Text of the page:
Now, it seems the top contenders to rival the kingpin UFC are Affliction and Strikeforce. Affliction is scheduled to put on its second event Jan. 24, though it, too, has been rumored to be struggling. Strikeforce, under the leadership of Scott Coker, quietly continues to pick up steam via its partnership with NBC and successful events at the Playboy Mansion. (Plus, it's the only promotion Dana White hasn't verbally bashed.)

Major money men and sports enthusiasts, from Trump to the president of Coach handbags, Reed Krakoff, have put their name and dollars into MMA. But as the money keeps flowing and the odds against the sport's success pile on, the question may always be raised and never fully answered: How? How is this sport still thriving?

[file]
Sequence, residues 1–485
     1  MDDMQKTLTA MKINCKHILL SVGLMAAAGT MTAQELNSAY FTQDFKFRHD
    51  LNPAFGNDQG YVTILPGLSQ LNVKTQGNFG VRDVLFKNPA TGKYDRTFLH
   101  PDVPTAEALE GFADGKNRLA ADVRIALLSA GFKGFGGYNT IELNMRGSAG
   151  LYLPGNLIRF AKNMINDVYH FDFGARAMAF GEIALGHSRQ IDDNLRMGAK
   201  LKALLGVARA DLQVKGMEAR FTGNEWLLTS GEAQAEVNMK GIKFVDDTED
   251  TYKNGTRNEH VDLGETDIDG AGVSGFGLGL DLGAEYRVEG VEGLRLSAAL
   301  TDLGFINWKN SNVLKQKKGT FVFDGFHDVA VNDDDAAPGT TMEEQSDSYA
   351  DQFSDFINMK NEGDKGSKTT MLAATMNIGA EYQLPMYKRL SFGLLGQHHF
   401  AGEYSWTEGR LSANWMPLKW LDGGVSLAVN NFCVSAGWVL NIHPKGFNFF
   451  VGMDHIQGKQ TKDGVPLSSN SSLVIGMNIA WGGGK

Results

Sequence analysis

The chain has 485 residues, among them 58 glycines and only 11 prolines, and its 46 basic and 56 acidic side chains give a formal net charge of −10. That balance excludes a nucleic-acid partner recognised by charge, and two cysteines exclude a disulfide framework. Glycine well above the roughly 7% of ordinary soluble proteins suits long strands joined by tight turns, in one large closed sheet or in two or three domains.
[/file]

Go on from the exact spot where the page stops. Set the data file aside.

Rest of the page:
"The sport is absolutely still growing -- I think the network television shows have definitely helped it, and the exposure from companies like Strikeforce, obviously the UFC, us, EliteXC have helped," Atencio said. "The sport has jumped leaps and bounds, but with the economy, it's going to take a little bit more work. I think it's slowly building new fans, but there are still a lot of people that don't understand it completely. But 2007, 2008, they were great years."